Saturday, October 3, 2020

Nickel Movies and the League

"Freeneasy Film Company Presents" by Frederick Opper for International Feature Service, ca, October 1, 1920
In my round-up of September, 1920 editorial cartoons about that year's presidential race, I shared some of Frederick Opper's series lampooning Democratic nominee James Cox as the hapless stepfather of Woodrow Wilson's Fourteen Points. I'll kick these October cartoons off with some more installments from Opper's series, supposed to evoke the popular moving picture serials of the day.

"Jimmy and His War Bride" by Frederick Opper for International Feature Service, ca. Oct. 2, 1920

In October, Opper (or his editors) changed the title of his series from "Freeneasy Film Company Presents" to "Jimmy and His War Bride." Opper has a low opinion of the dowdy bride, representing the League of Nations, or her fourteen offspring, who look less and less like actual children by this point. 

Cartoon historians will recognize Opper as the creator of "And Her Name Was Maud!", a comic strip about a mule who looked very much like the Cox family's "educated donkey, Dopo."

"Jimmy and His War Bride" by F. Opper for International Feature Service, ca. Oct. 4, 1920
By drawing the Fourteen points more doll-like than child-like, Opper was able to get away with suggesting that they might be thrown to the wolves. Had they retained the individuality they had at the beginning of the series, someone in Opper's audience might have felt some sympathy for their plight.

"Jimmy and His War Bride" by F. Opper for International Feature Service, ca. Oct. 6, 1920

Well, that's quite enough of that. Being October, there was plenty of other entertainment besides the movies.
"World's Series: Over the Fence" by Thomas E. Powers in New York Evening Journal, ca. Oct. 7, 1920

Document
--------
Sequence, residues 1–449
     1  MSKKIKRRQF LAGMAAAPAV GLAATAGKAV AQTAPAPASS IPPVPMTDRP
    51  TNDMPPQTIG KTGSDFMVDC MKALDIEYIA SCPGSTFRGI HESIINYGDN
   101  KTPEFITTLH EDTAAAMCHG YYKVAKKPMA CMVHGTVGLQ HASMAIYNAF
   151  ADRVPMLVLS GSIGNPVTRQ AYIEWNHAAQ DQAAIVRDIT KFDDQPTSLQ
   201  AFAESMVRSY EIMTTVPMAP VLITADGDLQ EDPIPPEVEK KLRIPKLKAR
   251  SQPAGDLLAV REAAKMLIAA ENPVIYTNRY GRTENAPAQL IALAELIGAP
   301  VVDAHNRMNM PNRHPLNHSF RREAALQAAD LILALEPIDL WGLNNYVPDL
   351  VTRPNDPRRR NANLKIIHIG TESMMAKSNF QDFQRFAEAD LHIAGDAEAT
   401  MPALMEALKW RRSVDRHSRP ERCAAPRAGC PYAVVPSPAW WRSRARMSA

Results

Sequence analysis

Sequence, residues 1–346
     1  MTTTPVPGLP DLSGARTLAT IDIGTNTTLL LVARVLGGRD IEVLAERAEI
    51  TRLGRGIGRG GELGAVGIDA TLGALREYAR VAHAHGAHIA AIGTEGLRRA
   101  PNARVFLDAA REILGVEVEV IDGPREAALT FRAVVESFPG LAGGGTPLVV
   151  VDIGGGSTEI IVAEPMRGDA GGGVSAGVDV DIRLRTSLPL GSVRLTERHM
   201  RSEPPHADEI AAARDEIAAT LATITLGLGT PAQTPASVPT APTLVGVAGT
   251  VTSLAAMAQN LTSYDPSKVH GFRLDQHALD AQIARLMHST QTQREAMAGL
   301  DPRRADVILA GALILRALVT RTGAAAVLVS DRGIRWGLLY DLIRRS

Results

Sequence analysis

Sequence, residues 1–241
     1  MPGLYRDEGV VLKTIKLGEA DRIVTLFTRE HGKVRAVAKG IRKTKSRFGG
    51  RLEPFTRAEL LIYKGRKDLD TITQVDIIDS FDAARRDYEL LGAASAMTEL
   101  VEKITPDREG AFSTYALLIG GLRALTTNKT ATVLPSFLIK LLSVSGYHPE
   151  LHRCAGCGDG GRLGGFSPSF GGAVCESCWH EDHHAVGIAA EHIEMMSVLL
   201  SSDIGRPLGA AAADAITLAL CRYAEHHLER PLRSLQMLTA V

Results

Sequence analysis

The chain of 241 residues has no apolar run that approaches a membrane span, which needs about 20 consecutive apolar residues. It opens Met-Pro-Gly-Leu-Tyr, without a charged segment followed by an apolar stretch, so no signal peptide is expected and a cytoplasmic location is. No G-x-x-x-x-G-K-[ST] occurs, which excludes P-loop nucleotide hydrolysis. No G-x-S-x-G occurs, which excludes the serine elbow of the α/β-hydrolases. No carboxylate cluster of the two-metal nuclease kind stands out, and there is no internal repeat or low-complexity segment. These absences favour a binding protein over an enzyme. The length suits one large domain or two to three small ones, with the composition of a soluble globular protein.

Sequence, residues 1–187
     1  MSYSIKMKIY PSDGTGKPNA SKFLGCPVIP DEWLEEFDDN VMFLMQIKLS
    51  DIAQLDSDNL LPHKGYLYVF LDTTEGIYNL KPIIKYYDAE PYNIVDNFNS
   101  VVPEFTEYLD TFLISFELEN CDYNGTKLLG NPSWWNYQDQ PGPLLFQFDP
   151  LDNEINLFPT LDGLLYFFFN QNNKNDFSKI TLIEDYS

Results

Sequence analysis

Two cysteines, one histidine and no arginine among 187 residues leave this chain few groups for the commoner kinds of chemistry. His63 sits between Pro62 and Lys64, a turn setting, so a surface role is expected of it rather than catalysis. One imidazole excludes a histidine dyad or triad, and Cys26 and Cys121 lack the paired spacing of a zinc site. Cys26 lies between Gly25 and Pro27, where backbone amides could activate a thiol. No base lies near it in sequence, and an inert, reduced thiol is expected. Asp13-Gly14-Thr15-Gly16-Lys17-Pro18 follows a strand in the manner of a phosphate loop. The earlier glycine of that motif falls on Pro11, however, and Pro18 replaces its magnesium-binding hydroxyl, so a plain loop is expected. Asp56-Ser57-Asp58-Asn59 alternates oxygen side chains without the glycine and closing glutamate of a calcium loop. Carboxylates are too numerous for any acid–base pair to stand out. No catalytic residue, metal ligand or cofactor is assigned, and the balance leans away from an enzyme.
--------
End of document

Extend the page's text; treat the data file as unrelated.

T.E. Powers notes baseball's World Series to depict Republican nominee Warren Harding and his bat of "Common Sense" knocking Cox's "League Question" pitch out of the park all the way to England. I suspect, however, that he might have found the Democrat more fun to draw. Very few of Powers caricatures are so artlessly bland as this one of Harding.

"If We Were in the League" by Winsor McCay in New York American, ca. Oct. 16, 1920

Winsor McCay, with his meticulous style and perspective, perhaps enjoyed drawing all these tombstones.
"What They Call Harmony" by Rollin Kirby in New York World, ca. Oct. 24, 1920
I have to give Democratic cartoonists a break, even if not equal time; so here's a brief musical intermission from Rollin Kirby before the next feature film begins.
"Go! And Don't You Never Come Back" by J.N. "Ding" Darling in Collier's, October 9, 1920

Returning to our moving pictures theme: "Ding" Darling departs from the cross-hatching style he used for newspapers, employing ink wash and (I suspect,) charcoal to evoke an ominous scene from melodrama in this cartoon for Colllier's magazine. Republican presidential nominee Warren Harding, backed by Senators Borah and Johnson, throws the film's heroine out to the blizzard. Sheltering Little Miss League of Nations are three past and future Republican nominees for president: William Howard Taft (1908), Herbert Hoover (1928), and Charles Evans Hughes (1916).

"Preserving American Independence" by J.N. "Ding" Darling in Collier's, October 23, 1920
I can't be absolutely sure what media Ding used for his October 9 cartoon, but later cartoons for Collier's, such as this October 23 opus, suggest that he was happy to use ink wash for the superior reproduction capabilities of the weekly magazine as contrasted with daily newspapers.

Leaping forward for a moment to the present day, there is no precedent for a presidential candidate — let alone the incumbent president — falling seriously ill this close to an election. Had President Woodrow Wilson pressed his interest in being re-nominated for a third term in 1920, the U.S. might have faced the same prospect.

Wilson had a history of petit mal strokes as early as 1896, but a series of strokes in September and October of 1919 left him paralyzed on his left side and blind in his right eye. Unbeknownst to the nation, Edith Wilson took over the everyday duties of the presidency during her husband's recuperation. He was unwilling to resign his office, and Vice President Marshall had no authority to wrest it from him.

While Wilson officially withdrew from the presidential race early in 1920, he withheld support from the party's strongest candidate, his own son-in-law James MacAdoo, still holding out hope that a deadlocked Democratic convention would come back to him for a third term. Not surprisingly, the party never seriously considered that option.

With Inauguration Day still over a month away, Wilson was bedridden with influenza in January, 1921, but survived until February 3, 1924. 

Of course, Warren Harding wouldn't survive the next presidential term, either; Wilson attended his successor's funeral.

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